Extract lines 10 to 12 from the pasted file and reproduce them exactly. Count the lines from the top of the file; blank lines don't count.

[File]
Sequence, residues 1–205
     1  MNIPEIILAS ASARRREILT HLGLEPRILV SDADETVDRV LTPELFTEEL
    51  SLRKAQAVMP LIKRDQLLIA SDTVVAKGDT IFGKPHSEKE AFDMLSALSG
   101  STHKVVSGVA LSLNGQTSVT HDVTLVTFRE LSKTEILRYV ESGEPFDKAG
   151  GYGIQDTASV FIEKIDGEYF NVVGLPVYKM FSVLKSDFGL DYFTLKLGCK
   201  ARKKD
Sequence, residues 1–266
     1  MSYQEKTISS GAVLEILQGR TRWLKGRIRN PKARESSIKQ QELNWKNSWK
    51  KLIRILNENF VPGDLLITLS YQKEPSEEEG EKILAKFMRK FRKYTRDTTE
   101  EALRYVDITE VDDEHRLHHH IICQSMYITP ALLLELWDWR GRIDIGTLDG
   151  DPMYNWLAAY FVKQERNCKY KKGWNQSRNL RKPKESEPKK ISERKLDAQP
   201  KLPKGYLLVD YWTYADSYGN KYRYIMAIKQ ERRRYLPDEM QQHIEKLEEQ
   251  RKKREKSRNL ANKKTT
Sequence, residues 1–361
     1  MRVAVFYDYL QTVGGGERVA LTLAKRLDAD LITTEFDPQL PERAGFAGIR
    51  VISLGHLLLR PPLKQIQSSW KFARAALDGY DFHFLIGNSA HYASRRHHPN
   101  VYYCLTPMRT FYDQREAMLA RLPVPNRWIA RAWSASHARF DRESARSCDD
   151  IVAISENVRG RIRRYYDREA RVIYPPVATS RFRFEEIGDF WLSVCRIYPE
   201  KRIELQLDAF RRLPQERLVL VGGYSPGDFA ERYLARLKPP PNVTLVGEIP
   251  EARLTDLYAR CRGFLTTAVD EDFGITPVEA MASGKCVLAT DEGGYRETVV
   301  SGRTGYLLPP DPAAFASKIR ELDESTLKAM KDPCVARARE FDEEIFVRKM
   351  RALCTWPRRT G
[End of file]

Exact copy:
   101  EALRYVDITE VDDEHRLHHH IICQSMYITP ALLLELWDWR GRIDIGTLDG
   151  DPMYNWLAAY FVKQERNCKY KKGWNQSRNL RKPKESEPKK ISERKLDAQP
   201  KLPKGYLLVD YWTYADSYGN KYRYIMAIKQ ERRRYLPDEM QQHIEKLEEQ